By Alex Bridges - email@example.com
WINCHESTER - Lord Fairfax Community College plans to build a new student union building, which will need water and sewer service.
LFCC has asked Frederick County to extend its sewer and water service to its site adjacent to the college's Middletown campus, located north of town on U.S. 11.
The Board of Supervisors, at its meeting Wednesday, unanimously adopted a resolution directing staff to undertake a study of the expansion of the Sewer Water Service Area to cover approximately 20 acres owned by the LFCC Foundation.
College spokeswoman Lyda Kiser explained by email earlier Wednesday that LFCC plans to build a student union and activity center, which would house the bookstore, food concession, student life offices, meeting space for clubs, locker rooms and a fitness area. LFCC leaders say they hope to break ground on the project this fall and to complete construction in time to open the facility in January 2014.
Middletown provides sewer services to the college while it receives water from Winchester, according to planning department official Mike Ruddy. With an expansion of the Sewer Water Service Area, the town and city would provide the respective utilities to the new facility, Ruddy said.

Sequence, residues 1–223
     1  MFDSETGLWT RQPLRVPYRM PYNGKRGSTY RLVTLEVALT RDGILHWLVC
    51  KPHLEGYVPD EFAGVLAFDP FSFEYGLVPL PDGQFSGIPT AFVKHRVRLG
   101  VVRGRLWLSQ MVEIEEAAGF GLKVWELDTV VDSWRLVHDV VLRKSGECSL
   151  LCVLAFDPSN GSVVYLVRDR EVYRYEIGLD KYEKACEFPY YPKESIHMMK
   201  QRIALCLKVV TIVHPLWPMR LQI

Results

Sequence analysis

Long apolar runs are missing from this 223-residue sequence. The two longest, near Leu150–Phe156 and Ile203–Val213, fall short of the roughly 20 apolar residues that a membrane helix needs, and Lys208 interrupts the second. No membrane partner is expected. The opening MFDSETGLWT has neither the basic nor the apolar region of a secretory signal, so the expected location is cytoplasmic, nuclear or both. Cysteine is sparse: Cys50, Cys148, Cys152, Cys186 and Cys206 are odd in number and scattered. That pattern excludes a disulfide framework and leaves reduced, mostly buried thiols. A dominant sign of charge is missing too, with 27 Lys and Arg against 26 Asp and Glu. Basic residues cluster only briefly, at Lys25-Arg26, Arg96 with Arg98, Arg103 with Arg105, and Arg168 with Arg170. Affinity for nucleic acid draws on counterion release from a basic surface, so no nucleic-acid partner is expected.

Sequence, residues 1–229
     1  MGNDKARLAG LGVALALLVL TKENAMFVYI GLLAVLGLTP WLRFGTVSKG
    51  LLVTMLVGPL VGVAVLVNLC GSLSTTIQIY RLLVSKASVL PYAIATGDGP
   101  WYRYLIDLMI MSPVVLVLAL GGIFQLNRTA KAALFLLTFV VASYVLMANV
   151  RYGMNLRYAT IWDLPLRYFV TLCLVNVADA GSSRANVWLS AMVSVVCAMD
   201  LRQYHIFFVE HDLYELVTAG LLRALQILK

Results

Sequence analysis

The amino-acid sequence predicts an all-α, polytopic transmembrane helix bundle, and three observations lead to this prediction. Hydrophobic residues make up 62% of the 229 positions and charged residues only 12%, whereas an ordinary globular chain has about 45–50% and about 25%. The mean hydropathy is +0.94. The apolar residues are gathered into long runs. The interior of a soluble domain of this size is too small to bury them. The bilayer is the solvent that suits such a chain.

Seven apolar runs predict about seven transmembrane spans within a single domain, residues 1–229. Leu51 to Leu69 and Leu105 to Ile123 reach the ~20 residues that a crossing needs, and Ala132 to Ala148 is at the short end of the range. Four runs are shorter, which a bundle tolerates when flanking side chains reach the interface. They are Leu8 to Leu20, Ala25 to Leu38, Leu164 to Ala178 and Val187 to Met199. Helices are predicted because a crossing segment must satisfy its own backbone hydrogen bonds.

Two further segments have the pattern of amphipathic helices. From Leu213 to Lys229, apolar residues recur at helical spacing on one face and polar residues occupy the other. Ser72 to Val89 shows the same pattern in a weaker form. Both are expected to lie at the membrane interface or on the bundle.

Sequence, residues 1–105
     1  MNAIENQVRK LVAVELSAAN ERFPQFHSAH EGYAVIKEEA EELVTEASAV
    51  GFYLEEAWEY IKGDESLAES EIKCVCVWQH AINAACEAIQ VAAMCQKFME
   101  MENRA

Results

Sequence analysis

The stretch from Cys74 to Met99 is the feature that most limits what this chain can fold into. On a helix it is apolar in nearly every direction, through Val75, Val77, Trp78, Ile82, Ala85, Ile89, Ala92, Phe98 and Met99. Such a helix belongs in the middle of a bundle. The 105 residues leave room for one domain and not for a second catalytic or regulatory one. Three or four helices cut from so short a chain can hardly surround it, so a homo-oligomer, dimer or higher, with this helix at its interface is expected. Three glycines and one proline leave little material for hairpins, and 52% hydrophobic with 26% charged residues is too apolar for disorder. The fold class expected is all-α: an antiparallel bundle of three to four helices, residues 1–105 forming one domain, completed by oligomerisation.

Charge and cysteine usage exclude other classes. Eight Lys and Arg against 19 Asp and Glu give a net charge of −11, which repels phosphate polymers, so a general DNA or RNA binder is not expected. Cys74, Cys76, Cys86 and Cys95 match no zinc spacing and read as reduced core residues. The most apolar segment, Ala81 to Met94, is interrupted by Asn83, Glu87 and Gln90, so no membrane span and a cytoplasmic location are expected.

The comprehensive study would evaluate areas in the vicinity of the college in addition to the site for the student union. Ruddy suggested the study evaluate land to the west of U.S. 11 near the college. Likewise, the study area should connect to Middletown, he added.
"We'll point out the community college themselves, on foundation property, they have some building projects that they're looking to move forward with, so we're working with them to try and enable them to move forward with the projects, while at the same time look at the surrounding properties," Ruddy said.
A county committee will address the study at a meeting next month, according to Ruddy.
Board of Supervisors Chairman Richard Shickle asked how the investigative process would address a hypothetical situation in which Winchester chooses not to furnish water to additional properties in Frederick County. Ruddy suggested that discussions of such an issue, should they arise, likely would involve the Frederick County Sanitation Authority, the city and Middletown as well as adjacent property owners.
Shickle noted the city continues to serve an increasing number of users in the county.
Ruddy noted this request is unique, in that the property lies close to Middletown rather than nearer to the city and the existing Sewer Water Service Area.